The second post in our blog series to help your organization navigate the uncertainty of the COVID-19 pandemic.
THE IMPACT OF COVID-19 ON FUNDRAISING
Asking for money when people are busy dealing with the impact of COVID-19 is a tough beat. However, we must be careful not to make assumptions about how your donors will respond – you may be pleasantly surprised.
Here are some considerations:
- What are your fundraising needs during this crisis? Do you have valid needs that people might want to give to? This is where a temporary program pivot can increase your organization’s relevance and fundability.
- Don’t assume donors won’t give. Many won’t give as they are consumed by their own situation, but some will. They may have money available via donor advised funds, such as the Jewish Community Foundation, or they are in businesses that are doing well during the pandemic, such as medical supplies
- The key to unlocking donor support is the rationale of the need presented. E.g. a library can host an online Coffee Hour for its elderly members who are not able to go out of the home currently.
- Consider launching a mini-campaign to provide emergency funds. This approach is especially effective if you have pivoted to provide programming that meets people’s immediate needs. E.g. a drop in rental income for a synagogue adding budget pressure can be a pressing fundraising need IF the Synagogue is also providing important support to its members.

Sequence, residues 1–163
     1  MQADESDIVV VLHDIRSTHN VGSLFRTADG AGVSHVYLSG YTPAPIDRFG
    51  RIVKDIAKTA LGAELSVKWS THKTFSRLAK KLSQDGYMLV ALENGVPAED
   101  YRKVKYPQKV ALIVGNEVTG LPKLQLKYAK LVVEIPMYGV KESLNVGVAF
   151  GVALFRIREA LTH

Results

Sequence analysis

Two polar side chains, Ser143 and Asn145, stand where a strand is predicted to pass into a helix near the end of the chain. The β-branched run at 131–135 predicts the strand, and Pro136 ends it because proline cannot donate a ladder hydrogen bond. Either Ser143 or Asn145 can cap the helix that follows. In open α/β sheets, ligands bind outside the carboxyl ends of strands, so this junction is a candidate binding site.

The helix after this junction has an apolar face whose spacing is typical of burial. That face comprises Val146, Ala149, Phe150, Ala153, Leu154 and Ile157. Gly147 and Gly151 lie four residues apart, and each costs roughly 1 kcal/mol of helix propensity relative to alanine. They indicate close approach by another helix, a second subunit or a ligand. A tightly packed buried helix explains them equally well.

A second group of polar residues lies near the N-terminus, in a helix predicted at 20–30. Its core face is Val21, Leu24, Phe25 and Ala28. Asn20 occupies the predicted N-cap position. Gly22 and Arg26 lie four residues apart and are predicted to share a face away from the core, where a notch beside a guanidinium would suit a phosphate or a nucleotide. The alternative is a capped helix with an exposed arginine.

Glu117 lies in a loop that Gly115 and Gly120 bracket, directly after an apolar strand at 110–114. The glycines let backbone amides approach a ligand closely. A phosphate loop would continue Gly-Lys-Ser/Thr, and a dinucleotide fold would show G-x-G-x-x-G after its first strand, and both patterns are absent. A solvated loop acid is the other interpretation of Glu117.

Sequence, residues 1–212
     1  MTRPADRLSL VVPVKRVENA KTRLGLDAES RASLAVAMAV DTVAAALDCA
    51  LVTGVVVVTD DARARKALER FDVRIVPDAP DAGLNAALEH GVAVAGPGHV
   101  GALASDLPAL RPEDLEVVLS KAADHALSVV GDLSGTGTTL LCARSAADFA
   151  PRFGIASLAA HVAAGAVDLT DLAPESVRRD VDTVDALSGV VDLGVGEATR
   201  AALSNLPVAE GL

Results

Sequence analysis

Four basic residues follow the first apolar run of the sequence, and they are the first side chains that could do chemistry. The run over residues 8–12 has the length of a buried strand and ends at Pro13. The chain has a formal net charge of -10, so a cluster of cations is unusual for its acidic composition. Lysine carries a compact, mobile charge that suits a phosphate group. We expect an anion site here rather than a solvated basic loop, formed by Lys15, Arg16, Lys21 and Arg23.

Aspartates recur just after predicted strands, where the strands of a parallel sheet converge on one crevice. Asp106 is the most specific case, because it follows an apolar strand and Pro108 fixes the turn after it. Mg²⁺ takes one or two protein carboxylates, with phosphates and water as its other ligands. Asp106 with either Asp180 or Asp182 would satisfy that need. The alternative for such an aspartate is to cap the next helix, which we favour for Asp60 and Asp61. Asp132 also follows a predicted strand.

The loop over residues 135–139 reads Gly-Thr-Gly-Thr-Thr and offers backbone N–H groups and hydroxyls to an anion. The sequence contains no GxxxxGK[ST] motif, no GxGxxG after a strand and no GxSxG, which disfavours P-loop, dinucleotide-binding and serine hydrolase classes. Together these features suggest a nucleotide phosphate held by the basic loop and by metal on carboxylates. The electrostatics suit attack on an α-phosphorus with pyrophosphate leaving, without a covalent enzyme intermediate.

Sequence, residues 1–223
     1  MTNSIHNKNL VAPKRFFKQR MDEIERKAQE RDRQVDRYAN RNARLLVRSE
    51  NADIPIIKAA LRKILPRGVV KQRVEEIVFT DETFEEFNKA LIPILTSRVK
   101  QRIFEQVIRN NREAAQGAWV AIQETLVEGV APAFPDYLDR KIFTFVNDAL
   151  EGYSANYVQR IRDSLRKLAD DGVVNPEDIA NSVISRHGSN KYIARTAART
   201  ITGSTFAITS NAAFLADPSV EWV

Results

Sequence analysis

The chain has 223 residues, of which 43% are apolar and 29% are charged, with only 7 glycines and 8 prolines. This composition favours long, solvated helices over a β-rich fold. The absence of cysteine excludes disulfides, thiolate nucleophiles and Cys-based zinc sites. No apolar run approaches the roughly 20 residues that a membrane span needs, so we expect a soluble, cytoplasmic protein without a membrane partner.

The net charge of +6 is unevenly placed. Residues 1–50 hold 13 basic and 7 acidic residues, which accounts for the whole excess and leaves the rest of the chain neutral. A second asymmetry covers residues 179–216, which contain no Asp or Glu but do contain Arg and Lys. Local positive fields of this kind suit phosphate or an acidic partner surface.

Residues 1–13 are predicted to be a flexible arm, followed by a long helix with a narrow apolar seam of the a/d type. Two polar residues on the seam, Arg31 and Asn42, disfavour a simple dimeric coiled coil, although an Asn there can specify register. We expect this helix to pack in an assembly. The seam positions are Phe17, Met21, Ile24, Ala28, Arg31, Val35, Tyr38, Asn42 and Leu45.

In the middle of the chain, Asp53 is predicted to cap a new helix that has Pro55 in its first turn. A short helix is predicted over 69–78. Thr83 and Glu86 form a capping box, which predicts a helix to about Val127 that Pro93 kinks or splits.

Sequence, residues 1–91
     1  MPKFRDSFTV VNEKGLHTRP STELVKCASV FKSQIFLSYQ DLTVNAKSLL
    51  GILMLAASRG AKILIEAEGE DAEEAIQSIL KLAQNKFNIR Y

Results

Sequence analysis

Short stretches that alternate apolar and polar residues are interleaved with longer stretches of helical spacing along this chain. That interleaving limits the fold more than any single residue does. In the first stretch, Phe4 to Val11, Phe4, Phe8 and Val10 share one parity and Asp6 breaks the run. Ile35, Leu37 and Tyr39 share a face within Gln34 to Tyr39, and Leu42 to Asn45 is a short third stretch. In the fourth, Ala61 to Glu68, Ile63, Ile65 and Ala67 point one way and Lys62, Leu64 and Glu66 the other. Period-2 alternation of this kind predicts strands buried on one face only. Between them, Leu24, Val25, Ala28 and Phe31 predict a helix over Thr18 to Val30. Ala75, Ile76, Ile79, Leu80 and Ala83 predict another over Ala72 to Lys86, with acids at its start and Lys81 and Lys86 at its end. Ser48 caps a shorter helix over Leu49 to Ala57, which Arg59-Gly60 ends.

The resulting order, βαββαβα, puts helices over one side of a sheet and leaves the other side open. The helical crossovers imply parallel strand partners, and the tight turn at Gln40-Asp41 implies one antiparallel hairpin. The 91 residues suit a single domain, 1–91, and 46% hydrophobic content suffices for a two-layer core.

- If you have existing pledges, evaluate your cash flow needs and allow donors to defer pledge payments if your programming is suspended during the pandemic and you can afford to defer payments. This will depend on how easy it is to cut program costs. Many people’s income has taken a hit as well as their personal savings due to the market drops.
Major Fundraising Campaigns
It is a difficult time for NPOs to make decisions about major fundraising campaigns. How you decide to proceed depends in large part where you’re at in the campaign. We recommend:
- Planning phase: continue with planning work; delay the launch date; lengthen the timeline; delay the recruitment of volunteers and the solicitation of lead gifts.
- Quiet phase: continue building lead donor and volunteer relationships but hold off on making any asks; lengthen the campaign timeline; and evaluate the campaign goal.
- Public phase: reassure your committed donors and allow them to defer pledge payment dates; lengthen the campaign timeline; postpone public phase fundraising for lower level gifts; and evaluate the campaign goal.
- Campaign close/groundbreaking: postpone closing celebrations; reach out to all committed donors to reassure them and inform them of decisions and progress on a regular basis.
The strategies that are determined for the campaign should be evaluated every month as the situation continues to evolve.
The key message is to communicate with your donors and prospective donors and support them through this difficult time. Use this opportunity to build stronger relationships so that when the situation normalises and they are ready to give again, your organization will be well poised to secure their future support.
Written by Camilla Leigh, Partner, Philanthropica